PDT Staff Writer
Scioto County is one of 11 counties in the southern part of the state eligible for financial assistance for public infrastructure projects.
The funding is provided through the Tri State Capital Improvement Program (SCIP), better known as the State Issue 1 Program, the Small Governments Capital Improvement Program, and the Local Transportation Improvement Program (LTIP), which are beginning their Round 27 funding cycles.
Counties, cities, villages, townships, and certain special water and sewer districts may submit applications for funding, according to Kim Reynolds at the Ohio Valley Regional Development Commission (OVRDC). Eligible projects include the construction, repair, or replacement of roads, bridges and culverts, along with water, wastewater and stormwater systems. She said financial assistance is available in the form of grants, no-interest loans, and loan assistance (payment of interest on loans from other funding sources for a two-year period.
Reynolds said the programs are competitive, as projects compete for funding with each other for a set allocation of funds. Each project is scored using an objective rating system, and funds are awarded on the basis of those scores. In addition to Scioto County the other counties eligible include Adams, Brown, Fayette, Gallia, Highland, Jackson, Lawrence, Pike, Ross and Vinton.
New Boston Village Administrator Steve Hamilton said he will apply for some of the funding, but he has applied for almost every form of state and federal assistance for existing infrastructure repairs and maintenance in the village and has been denied every single time.
“These sewer lines are 60 to 70 years old. I still have brick manholes on U.S. 52 east and west. I have combined sewers that the U.S. EPA is giving me time to find ways to generate revenues to keep overflows out of the creeks and river. When you open up all the papers, the first thing you look at is they’re talking about birth control components, and they’re talking about broadband and covered bridges,” Hamilton said.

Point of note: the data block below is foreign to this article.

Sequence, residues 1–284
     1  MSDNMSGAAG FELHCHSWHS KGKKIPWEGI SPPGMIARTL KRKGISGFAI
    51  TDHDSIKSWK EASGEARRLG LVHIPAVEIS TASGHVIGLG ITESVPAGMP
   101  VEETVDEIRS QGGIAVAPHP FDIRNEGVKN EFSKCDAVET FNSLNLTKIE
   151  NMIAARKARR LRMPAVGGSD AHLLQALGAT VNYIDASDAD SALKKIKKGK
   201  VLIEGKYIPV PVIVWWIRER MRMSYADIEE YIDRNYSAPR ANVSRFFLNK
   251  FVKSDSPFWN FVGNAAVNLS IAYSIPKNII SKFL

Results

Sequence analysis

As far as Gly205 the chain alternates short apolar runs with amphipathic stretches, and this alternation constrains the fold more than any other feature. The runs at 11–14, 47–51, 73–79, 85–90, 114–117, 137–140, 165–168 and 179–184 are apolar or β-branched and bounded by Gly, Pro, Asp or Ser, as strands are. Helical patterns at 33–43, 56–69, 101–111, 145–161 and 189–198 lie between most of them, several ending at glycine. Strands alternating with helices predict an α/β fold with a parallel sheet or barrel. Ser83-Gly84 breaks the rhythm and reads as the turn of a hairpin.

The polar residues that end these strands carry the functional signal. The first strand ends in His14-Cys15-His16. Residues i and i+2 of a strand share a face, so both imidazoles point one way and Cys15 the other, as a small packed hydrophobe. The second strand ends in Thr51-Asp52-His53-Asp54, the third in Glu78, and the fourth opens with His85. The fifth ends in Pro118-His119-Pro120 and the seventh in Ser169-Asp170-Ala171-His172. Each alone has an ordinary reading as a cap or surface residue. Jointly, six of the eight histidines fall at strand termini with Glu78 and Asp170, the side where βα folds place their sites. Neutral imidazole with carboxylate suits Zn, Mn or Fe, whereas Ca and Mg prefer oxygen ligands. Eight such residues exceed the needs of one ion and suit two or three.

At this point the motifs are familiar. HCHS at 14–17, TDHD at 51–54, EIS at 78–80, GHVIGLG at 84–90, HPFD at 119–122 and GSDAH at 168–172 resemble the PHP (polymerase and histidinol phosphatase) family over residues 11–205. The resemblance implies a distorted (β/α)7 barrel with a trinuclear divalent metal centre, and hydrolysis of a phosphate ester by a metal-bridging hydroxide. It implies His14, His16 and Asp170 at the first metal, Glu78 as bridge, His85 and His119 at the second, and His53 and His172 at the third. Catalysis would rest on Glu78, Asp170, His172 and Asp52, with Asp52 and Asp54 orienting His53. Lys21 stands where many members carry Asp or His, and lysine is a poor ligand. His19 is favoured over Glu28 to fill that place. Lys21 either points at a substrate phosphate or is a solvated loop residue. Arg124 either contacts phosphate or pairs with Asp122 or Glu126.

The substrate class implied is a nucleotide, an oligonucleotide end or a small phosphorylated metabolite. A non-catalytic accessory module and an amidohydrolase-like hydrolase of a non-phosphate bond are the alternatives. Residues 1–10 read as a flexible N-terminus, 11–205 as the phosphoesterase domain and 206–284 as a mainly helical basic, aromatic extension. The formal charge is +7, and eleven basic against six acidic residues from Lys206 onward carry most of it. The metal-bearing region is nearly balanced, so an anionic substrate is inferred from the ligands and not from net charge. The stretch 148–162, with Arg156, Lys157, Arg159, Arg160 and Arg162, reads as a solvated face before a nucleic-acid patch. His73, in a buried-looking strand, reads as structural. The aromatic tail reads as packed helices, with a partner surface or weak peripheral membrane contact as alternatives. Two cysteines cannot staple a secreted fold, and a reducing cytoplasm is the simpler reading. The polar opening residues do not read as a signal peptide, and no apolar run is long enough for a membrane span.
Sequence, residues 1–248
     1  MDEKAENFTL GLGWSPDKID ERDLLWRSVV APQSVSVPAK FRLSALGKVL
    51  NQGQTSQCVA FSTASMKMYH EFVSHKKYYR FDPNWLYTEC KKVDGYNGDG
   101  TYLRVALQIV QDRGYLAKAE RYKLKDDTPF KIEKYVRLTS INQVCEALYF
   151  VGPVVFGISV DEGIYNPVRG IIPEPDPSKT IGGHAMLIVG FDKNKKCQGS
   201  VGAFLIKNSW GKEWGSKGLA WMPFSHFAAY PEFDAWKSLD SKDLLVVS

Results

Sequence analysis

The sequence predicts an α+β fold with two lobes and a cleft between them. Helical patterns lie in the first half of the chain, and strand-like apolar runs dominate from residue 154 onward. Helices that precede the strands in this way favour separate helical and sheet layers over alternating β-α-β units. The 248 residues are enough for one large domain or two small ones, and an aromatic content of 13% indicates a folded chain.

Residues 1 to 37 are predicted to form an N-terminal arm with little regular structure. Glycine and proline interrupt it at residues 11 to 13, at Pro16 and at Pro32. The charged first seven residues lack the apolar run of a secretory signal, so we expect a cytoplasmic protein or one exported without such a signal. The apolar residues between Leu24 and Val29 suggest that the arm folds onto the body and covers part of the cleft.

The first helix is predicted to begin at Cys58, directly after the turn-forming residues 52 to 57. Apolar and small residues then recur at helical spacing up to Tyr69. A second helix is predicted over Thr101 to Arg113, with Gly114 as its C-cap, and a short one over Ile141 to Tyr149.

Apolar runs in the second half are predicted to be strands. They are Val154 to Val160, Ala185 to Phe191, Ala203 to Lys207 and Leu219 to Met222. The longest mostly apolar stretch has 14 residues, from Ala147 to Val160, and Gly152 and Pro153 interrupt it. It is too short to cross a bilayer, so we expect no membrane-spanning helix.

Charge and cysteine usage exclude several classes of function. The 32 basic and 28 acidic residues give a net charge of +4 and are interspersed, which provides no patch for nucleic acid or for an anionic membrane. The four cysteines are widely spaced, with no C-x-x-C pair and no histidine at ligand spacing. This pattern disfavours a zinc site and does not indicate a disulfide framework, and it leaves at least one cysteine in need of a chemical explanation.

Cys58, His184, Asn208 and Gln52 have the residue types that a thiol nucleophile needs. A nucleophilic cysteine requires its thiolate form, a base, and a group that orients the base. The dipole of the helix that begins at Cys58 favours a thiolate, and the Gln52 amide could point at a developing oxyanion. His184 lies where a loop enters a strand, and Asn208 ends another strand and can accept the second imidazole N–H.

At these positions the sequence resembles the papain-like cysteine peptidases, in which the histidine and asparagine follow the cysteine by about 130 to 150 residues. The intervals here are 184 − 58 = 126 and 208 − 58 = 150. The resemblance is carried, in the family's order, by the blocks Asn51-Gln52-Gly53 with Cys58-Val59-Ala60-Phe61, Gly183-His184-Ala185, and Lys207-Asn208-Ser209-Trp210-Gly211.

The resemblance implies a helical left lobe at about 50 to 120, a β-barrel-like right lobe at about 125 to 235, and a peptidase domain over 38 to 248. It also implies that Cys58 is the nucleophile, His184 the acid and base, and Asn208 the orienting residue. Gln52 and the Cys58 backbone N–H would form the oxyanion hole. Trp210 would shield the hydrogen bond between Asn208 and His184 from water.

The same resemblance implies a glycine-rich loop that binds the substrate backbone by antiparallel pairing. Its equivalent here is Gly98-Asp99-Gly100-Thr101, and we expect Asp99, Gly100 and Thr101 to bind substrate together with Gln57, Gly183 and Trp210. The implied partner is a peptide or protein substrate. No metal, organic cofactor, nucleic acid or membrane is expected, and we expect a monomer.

He said he was glad those projects have received funding, and he doesn’t want to take anything away from them, but he said the New Boston infrastructure is just as important, or more-so. When the federal government ordered communities to inspect and upgrade their flood defense system two-years ago, they didn’t give the village of New Boston any money to assist them. Instead the village secured a private line of credit through U.S. Bank — nearly $300,000 — and paid for the project by themselves.
“These senators and representatives from Scioto County need to get more involved, and they need to get more money down here for infrastructure. It’s not like I haven’t applied for every single thing they have sent our way, but they say we’re not big enough. Well, maybe we’re not the big three-C’s (Columbus, Cincinnati, and Cleveland) but we still pay federal tax money,” Hamilton said.
He said he called local representatives’ offices, but he has never gotten a call back from anyone. The village has, meanwhile, received some funding assistance from Community Action and the Scioto County Commissioners.
Hamitlon said he will apply for the latest Round 27 funds, and hopes that representatives will finally step in to assist New Boston.
Reynolds said subdivisions applying for Round 27 funds should begin the planning process as soon as possible. The deadline to submit completed applications to the respective county is Oct. 5, 2012. For more information on the programs, Reynolds said people should contact the county engineer, county commissioners, or call her office at 740-947-2853. Applications are available online at www.pwc.state.oh.us, and should be completed electronically.
Frank Lewis may be reached at 740-353-3101, ext. 232, or at firstname.lastname@example.org. Ryan Scott Ottney also contributed to this story, and can be reached at 740-353-3101, ext. 235.